Veils and Themes

I am back home, and tired. The trip to see my brother was good. One of the goals was to see the play he produced, Veils by Tom Coash, and it was excellent. I had been working on a post about suspense, but that actually fits quite well into October’s theme about scary stories, and the play is making me itch to write something about it.

Between how mentally tired I am and how quickly this has to be done, in order to fit my four posts a month quota, this will be a short piece. That feels a bit unfair, as I think the play deserves reams of pages of praise, but a few hundred words will have to do.

Veils is about two young women in Cairo, one American and one Egyptian, one conservative and one boisterous and modern. Contrary to most American’s expectations, Samar, the Egyptian, is the one who is more liberal and defiant of tradition, while Intisar, the American, is more conservative in her personality and wears the hijab. Neither of them, however, is a weak-willed woman. They are both activists who fight for themselves and their values, they are both capable of thinking outside the confines of their personal ideologies, and they both have blind spots. On the drive back, my boyfriend and I enjoyed picking apart their personalities, the way their lives lead to their perspectives and what caused their disagreements. The complexity of their characterization is essential to the play, because they are the only characters. Every scene is purely between the pair of them.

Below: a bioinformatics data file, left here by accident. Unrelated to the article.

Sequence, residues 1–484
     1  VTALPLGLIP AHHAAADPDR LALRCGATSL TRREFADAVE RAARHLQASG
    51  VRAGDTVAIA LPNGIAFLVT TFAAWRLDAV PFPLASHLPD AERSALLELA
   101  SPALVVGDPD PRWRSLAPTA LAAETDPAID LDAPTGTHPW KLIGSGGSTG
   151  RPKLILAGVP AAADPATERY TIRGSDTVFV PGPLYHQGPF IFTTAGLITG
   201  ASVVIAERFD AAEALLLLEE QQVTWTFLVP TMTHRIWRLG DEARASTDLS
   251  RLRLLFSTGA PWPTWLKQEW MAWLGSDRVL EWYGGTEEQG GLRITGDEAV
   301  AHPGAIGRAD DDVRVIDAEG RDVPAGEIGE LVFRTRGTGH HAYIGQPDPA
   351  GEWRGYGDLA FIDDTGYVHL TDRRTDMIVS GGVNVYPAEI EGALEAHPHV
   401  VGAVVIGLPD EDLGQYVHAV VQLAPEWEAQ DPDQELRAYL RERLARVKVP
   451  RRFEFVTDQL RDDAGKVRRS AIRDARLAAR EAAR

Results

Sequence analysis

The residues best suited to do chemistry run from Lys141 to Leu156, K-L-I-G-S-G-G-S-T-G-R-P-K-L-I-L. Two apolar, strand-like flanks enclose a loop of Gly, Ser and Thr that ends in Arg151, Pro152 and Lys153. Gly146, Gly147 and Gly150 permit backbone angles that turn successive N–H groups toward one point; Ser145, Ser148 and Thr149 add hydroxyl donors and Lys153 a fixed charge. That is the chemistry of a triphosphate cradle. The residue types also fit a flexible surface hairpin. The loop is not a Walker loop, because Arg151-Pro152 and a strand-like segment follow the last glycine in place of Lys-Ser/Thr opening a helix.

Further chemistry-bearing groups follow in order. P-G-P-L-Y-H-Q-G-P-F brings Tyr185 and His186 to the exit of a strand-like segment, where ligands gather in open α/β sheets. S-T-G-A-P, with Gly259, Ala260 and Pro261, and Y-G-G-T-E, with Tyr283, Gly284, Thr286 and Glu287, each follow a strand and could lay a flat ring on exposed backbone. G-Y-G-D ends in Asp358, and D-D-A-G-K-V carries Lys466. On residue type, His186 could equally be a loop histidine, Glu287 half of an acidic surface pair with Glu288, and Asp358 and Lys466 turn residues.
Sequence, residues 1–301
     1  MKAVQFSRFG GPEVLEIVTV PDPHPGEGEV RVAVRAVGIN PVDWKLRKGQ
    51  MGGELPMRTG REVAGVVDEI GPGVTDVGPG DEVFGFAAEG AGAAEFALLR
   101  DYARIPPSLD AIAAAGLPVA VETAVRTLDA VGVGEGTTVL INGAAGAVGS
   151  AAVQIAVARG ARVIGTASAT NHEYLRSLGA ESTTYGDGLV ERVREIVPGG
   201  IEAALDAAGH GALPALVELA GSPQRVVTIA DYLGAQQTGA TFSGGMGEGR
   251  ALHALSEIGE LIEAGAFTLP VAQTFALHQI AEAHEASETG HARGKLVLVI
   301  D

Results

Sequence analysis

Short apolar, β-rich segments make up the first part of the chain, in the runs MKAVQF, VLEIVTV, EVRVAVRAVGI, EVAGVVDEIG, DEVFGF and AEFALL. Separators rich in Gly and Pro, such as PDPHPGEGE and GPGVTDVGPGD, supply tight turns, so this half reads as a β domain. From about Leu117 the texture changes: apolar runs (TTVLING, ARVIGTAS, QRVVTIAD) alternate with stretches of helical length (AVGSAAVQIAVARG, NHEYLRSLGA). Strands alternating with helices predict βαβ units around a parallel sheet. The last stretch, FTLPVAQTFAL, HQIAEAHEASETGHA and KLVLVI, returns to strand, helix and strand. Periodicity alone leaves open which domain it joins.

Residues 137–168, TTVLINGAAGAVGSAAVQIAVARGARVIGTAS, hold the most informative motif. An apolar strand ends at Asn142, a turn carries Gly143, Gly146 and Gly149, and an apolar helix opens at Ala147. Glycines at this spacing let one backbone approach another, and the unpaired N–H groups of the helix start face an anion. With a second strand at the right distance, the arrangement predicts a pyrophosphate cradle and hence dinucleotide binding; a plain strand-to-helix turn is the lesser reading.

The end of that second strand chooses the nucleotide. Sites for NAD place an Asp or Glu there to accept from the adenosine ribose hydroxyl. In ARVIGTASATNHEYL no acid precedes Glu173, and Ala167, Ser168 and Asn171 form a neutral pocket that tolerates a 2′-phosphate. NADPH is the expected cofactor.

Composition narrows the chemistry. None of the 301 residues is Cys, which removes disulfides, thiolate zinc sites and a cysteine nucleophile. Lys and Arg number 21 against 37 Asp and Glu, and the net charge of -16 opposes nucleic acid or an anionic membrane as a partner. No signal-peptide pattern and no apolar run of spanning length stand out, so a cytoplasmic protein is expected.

I think a story can build a theme in three different ways. One; they can directly talk about a specific issue. Two; they can form an indirect allegory for that issue. Or third, to borrow Tolkien’s word, they can be applicable. You can glean ideas from them that apply to many issues. It’s this last one that I think is most valuable, and that creates the most enduring stories. From its description, Veils at first seemed like the first kind of story, but it was really more of the third. It was about Egypt, but it was About people who disagree while caring deeply about each other. It was about the struggle to have a dialog that allows multiple points of view to be heard. It was about learning to rethinking your own ideas, and see human beings on the other side, instead of just talking points that enrage you because of how Obviously Wrong they are.

So yes, I feel very strongly that this is not only a good play but an important one. I happened to catch the closing night performance of my brother’s production, but it is being picked up in cities across the country. If any of you happen to get a chance to see a showing, take that chance! It is too excellent to miss.

And while you’re it, if you’re in the Atlanta area, keep an eye out for New Origins Theater Company. They are putting together great stuff.

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